Convenience stores have long relied on males to pay the bills, but female shoppers tend to bring a higher ring and wield more influence
There are certain facts that convenience industry insiders have come to accept: a store should be open 24/7; it must be stocked with coffee, cigarettes, beer and lottery tickets; and the majority of customers walking through the door will be males in the 18-to-30-year-old age group.
That does not mean things can’t change, however. Last year, Pacific Convenience & Fuels LLC (PC&F) opened two new ground-up locations with a different consumer in mind. While no one would mistake either store for a day spa, they are both designed to attract the same demographic – females.
The new stores come at a time when the West Coast convenience store chain is looking to expand its reach to not only include females, but also the younger generations.
“Our customers are 60 percent male and 40 percent female, but we want to expand our demographic overall,” explained Chris Wilson, general manager for PC&F. “The female customer spends more per transaction – about $2 to $3 more – than their male counterparts. They also buy higher-margin items like bottled water. So, we want the female customer for what she is buying and how much she is buying. Also, they usually have kids in the car and they are our future customers.”
Females are a valued customer to The Parker Cos., operator of Parker’s Convenience Stores in the Southeast, as well. “Attracting more female shoppers has been key to our success at Parker’s,” said Greg Parker, president. “We all know ‘Bubba’ is our No. 1 customer, but we focus our attention on the working mother. She’s the lens through which we view everything we do because she’s the most time-starved and the most-demanding customer.”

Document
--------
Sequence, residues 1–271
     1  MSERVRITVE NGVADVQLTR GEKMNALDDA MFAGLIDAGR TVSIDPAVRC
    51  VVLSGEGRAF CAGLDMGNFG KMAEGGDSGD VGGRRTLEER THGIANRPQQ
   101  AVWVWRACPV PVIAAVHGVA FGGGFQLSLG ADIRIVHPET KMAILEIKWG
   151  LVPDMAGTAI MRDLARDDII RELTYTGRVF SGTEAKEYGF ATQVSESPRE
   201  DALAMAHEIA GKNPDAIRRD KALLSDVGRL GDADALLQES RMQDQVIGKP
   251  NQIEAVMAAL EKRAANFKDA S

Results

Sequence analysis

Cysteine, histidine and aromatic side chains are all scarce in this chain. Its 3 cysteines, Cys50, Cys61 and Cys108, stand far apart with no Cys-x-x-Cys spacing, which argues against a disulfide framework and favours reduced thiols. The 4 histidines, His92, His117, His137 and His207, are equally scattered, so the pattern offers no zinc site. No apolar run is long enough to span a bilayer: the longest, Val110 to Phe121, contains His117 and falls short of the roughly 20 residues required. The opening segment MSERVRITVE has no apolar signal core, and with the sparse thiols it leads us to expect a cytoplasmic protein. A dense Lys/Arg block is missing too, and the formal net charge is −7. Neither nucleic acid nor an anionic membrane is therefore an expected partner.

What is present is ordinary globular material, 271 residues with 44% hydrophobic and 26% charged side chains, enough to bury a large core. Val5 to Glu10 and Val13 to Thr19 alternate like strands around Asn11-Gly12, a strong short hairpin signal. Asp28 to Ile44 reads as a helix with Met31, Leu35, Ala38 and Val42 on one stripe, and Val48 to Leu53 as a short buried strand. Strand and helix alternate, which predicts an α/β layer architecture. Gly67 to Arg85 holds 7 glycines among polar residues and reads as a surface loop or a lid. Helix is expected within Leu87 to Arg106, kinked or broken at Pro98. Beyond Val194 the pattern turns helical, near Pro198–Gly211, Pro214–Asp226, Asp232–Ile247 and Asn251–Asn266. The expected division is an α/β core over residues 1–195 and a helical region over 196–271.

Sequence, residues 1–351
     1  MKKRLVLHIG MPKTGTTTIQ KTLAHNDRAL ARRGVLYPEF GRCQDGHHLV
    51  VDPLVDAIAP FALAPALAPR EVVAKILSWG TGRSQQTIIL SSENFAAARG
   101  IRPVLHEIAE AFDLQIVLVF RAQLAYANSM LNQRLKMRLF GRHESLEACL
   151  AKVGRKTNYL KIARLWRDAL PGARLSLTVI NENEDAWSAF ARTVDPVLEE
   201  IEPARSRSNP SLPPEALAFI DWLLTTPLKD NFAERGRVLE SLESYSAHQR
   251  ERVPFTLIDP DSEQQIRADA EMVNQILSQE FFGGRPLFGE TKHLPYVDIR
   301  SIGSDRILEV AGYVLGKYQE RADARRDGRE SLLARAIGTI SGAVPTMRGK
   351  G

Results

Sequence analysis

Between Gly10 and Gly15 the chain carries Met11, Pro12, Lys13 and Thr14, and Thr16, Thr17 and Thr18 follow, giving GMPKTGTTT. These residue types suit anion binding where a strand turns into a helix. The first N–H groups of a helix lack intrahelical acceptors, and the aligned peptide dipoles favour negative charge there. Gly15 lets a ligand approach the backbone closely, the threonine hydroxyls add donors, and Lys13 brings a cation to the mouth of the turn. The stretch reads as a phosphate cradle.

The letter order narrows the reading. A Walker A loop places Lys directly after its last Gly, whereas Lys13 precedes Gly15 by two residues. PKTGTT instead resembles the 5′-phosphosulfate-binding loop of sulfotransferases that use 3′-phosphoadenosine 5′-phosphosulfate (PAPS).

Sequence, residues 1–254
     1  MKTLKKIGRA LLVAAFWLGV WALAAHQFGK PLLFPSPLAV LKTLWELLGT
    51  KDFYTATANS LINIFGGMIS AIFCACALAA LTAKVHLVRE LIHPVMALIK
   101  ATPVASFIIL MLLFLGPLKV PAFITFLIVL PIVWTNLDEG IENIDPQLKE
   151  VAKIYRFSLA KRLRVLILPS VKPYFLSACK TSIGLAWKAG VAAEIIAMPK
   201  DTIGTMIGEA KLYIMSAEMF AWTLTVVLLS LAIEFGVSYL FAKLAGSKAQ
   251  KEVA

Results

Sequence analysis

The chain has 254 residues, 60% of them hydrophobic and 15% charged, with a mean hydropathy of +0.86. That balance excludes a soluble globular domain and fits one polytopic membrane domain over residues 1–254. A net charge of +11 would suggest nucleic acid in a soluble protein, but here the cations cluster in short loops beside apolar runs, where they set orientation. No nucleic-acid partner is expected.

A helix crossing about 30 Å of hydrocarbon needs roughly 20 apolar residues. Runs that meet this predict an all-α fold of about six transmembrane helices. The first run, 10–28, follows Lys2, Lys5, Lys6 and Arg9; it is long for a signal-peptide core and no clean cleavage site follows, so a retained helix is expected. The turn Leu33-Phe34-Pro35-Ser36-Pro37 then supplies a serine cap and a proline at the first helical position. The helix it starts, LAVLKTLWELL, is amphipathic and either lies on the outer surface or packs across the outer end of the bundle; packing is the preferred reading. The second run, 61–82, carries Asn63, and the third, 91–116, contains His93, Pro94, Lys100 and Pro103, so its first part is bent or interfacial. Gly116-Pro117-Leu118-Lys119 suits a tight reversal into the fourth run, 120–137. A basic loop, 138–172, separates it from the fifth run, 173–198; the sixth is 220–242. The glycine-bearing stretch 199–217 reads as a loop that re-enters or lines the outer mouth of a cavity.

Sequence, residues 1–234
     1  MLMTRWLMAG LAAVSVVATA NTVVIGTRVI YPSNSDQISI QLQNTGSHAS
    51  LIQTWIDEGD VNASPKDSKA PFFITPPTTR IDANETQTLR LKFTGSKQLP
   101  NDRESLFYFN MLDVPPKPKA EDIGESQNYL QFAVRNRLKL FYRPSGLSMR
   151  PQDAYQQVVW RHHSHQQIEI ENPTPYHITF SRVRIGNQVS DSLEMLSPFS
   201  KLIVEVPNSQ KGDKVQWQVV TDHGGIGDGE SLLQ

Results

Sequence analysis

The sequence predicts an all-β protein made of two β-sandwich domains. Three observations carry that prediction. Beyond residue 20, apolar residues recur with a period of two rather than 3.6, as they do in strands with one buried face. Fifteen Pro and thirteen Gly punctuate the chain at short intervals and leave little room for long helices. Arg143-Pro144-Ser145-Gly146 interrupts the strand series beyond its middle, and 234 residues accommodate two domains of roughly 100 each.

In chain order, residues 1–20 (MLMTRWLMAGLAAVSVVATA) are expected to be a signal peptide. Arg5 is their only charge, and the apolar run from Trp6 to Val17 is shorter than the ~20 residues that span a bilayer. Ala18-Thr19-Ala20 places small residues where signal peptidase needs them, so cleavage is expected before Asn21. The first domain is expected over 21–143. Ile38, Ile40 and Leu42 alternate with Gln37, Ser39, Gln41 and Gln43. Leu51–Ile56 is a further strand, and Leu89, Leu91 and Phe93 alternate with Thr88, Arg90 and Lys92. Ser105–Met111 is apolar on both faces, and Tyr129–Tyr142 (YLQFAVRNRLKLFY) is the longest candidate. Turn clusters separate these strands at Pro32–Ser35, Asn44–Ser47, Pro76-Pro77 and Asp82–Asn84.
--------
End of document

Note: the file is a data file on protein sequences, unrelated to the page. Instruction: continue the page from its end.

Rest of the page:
Many retailers acknowledge the importance of the female consumer, but at the same time, most do not know how to attract her. And of those who try, only a few seem to be doing it well.
“The female shopper is far more important than most of the operators have realized,” said Jim Calvin, president of the New York Association of Convenience Stores (NYACS). “She is hard to attract and even harder to keep.”
Why? As Calvin explained, female consumers expect more than male consumers.
“In my observation, many women are professional shoppers. They have done it a lot; they are very discerning. Their expectations are high and they are hard to win over,” he said.
Jim Tudor, president of the Georgia Association of Convenience Stores (GACS), acknowledged that convenience store operators have been talking about the importance of the female customer for more than 30 years, but to date, the majority of operators he sees have not done a good job executing a successful strategy to attract her.
“Thirty years ago, we were in meetings at 7-Eleven talking about strategies to market to ‘active females,’ whatever that means,” noted Tudor, who has been in the c-store business for 36 years, the first 10 years with 7-Eleven.
Wilson of PC&F noted that convenience store retailers such as Sheetz and Wawa stand out on the East Coast; however, no West Coast retailer has been able to go after women shoppers well. They are still very much marketing to the blue-collar male – the beer and cigarettes buyer, he said.
“Convenience stores are fighting traditional stereotypes,” he added. “A lot of companies have done a good job attracting female customers, but not the majority.”
PC&F hopes it is heading down the right path with its two new stores. “In the past year, we built two ground-up stores really with the female customer in mind, but we also kept in mind that we didn’t want to alienate the male customer,” Wilson said. “And in these stores, anecdotally, the customer mix is 50-50.”
Recipe for Success
Over years of trial and error, a few “musts” have emerged when it comes to attracting the female consumer to convenience stores, according to the industry insiders.
“Feeling safe is an absolute must,” Calvin said. “So is a clean, well-lit, organized store with friendly customer service, competitive pricing, fresh products and a community connection. It is not just one thing. All those things rolled together contribute to a woman feeling as if she wants to shop at a particular store.”